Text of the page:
Get to know the SRC: Elodie Borleis

Like many of our staff, Elodie did her time on the data analysis treadmill, and is now a critical part of our earthquake hazard assessment team. You can find Elodie on Twitter: @borleis

Q: When did you start working for the Seismology Research Centre?
A: I started in April 2011, right after the Tōhoku and Christchurch earthquakes!
Q: What was your first role at SRC, what do you do now, and how has it changed over time?
A: I started out as an earthquake data analyst; analysing data from seismic monitoring networks to locate earthquakes to populate and maintain the SRC’s earthquake catalogue. I now conduct seismic hazard assessments for all types of infrastructure such as large dams or pipelines, for sites in Australia and overseas.
Seismology is such a developing science that it can seem to change almost weekly! One week you’ll be doing things one way and the next week the process has completely changed! I also don’t miss carrying a laptop around when on duty, the Quick Quake app on our phones is way easier!
Q: How did you become interested in seismology?
A: I’ve always been a little obsessed with natural disasters. I would always make my family watch disaster films like Twister or Dante’s Peak on repeat. I didn’t think there were any jobs in seismology in Australia and when the opportunity came up to get one I jumped at it and have never looked back.
Q: What do you like most about your job?
A: I love how much it changes and develops all the time. There is so much to learn and so much to improve on that you can never get bored. Some of the hazard studies I’ve done are in such unusual places that I would never get a chance to visit; it feels like I know a small part of those places now. Also, earthquakes are just so incredible and amazing, what’s not to like!
Q: What do you find most challenging?
A: Keeping up with all the new techniques coming out all the time. One minute you think you’ve got it handled and the next minute someone has come up with an even better way that you now have to implement.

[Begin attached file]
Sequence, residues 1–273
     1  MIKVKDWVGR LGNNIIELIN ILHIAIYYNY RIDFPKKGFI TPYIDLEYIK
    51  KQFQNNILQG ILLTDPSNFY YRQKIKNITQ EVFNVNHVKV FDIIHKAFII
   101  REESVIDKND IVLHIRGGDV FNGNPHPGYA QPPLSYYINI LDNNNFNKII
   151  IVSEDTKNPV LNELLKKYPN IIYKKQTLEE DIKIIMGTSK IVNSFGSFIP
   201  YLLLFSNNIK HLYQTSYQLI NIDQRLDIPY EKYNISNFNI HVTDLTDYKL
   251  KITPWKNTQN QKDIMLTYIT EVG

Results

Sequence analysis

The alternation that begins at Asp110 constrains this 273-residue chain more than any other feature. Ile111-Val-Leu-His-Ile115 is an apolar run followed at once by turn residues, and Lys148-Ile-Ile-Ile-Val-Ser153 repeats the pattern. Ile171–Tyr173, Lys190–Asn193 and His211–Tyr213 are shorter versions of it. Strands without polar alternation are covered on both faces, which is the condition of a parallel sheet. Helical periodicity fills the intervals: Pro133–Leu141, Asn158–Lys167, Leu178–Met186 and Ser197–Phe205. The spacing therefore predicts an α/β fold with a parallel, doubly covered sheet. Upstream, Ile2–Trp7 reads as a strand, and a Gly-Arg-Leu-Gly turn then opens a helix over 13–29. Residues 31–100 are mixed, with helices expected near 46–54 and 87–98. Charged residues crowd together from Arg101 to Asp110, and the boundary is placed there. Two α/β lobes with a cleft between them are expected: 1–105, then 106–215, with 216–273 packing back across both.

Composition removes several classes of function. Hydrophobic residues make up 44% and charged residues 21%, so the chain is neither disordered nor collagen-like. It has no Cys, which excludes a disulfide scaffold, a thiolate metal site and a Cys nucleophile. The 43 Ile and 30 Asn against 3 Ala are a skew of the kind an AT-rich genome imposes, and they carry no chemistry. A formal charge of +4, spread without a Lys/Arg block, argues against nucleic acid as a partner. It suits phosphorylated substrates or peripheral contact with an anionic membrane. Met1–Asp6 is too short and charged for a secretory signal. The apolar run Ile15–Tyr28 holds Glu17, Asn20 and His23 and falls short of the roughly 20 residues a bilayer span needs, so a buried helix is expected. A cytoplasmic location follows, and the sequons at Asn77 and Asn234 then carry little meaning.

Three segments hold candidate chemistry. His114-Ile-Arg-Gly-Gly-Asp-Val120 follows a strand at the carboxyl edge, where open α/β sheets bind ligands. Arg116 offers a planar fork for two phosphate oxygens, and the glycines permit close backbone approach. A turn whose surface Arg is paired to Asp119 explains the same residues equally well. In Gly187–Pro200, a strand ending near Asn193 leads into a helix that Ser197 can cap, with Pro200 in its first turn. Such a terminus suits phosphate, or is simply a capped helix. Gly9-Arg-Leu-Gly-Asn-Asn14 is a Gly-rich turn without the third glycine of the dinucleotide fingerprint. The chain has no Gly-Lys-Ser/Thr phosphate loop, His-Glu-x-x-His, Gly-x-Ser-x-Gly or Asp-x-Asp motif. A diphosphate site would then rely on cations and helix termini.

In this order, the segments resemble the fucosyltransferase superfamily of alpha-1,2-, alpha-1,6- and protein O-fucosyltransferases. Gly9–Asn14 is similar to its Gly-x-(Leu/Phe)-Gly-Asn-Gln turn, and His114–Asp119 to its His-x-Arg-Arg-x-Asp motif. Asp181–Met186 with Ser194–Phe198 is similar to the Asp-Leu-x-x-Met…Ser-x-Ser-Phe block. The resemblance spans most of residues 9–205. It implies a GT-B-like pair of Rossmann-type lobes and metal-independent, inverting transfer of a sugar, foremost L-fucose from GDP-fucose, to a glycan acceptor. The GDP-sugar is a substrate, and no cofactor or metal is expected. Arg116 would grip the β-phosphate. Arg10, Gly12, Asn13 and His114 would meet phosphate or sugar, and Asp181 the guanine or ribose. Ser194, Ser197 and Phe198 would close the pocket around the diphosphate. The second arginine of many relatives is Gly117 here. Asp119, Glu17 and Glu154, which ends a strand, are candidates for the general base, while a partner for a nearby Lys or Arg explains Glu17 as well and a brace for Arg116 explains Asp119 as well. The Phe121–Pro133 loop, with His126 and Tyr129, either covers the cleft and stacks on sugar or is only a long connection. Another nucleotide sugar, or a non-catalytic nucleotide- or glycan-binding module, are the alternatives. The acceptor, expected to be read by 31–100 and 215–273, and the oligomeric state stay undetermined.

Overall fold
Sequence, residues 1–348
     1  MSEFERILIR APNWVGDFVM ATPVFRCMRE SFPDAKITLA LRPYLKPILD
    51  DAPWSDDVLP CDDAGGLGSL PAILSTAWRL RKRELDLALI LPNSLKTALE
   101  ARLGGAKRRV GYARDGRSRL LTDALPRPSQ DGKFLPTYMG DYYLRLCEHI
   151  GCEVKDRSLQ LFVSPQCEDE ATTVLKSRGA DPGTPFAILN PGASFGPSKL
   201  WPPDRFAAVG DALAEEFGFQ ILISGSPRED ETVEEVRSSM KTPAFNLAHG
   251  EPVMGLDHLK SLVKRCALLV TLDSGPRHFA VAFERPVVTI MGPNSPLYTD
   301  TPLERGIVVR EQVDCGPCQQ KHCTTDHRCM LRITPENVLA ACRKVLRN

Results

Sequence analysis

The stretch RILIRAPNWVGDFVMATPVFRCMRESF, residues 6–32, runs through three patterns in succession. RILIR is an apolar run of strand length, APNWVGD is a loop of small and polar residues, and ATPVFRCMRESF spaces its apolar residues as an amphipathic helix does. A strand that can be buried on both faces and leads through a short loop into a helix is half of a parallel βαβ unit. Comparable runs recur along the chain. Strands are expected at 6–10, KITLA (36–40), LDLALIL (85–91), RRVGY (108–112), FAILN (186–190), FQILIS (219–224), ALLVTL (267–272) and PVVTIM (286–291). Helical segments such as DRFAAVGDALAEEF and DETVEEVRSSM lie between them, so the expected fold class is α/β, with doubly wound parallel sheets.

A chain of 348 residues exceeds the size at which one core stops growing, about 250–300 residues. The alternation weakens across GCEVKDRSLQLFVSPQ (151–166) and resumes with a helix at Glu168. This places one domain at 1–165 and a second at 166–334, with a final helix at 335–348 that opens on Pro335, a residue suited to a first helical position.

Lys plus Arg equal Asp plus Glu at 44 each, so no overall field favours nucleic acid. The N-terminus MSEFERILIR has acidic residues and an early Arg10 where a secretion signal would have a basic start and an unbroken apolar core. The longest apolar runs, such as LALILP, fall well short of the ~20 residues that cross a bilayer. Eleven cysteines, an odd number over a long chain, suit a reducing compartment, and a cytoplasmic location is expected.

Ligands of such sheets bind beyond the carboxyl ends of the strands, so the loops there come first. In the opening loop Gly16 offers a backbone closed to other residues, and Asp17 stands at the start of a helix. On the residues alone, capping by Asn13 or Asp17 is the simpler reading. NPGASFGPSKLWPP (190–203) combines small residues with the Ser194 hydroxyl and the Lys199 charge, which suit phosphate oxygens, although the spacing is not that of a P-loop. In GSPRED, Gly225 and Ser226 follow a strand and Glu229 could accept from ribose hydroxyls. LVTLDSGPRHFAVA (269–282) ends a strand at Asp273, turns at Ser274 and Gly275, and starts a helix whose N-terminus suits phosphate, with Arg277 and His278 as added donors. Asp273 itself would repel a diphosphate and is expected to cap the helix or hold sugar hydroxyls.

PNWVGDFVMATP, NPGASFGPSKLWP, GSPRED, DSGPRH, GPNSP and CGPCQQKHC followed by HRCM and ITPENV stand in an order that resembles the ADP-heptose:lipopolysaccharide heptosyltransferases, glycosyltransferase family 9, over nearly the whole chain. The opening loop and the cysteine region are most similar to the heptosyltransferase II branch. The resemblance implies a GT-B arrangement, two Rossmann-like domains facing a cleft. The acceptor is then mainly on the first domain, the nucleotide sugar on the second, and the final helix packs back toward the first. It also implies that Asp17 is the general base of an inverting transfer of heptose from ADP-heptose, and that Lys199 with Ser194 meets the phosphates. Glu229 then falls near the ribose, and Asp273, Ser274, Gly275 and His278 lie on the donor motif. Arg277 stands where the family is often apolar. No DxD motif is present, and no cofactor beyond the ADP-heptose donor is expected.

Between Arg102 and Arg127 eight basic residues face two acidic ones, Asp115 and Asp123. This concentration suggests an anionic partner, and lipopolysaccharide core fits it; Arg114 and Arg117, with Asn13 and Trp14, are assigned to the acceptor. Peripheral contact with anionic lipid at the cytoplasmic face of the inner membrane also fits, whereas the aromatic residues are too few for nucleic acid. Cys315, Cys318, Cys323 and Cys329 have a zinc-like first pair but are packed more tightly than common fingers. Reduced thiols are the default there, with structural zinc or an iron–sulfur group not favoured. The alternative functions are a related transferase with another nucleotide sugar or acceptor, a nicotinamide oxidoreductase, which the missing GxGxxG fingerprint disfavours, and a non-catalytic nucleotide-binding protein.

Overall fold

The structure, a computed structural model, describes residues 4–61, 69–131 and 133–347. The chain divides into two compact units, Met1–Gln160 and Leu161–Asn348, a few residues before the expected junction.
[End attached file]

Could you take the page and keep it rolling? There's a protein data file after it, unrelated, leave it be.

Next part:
Q: Do you have a vision or goal that you’d like to achieve in your career?

A: I’d love to get more people aware of earthquakes in Australia. I’m worried that when a big one hits no one is going to be prepared and we’ll end up in a situation like Christchurch. I’d also love to create my own ground motion model one day…
Q: If you had to work in another field, what would you want to do?
A: I grew up in northeast Victoria where drought was common. If I had to choose another field, it would be working in some way with the environment, whether that was as a climate scientist or meteorologist or even perhaps a storm chaser!
Q: What has been your most memorable career moment?
A: My most memorable moment was probably even before I had started the job! I was at my parents’ house for my birthday and mum’s birthday and the Tōhoku earthquake occurred and we were watching the live footage of the tsunami hitting the Japanese coast. I had recently been offered and accepted the job and so this was all a little bit exciting when I realised that I would now be working in this field for real.
Q: What advice would you give to a student who wants a job like yours?
A: Study a variety of subjects! Seismology uses so many different techniques, in particular GIS!! Get yourself familiar with a free GIS program, you have no idea how much you will require this! And definitely try to learn some coding!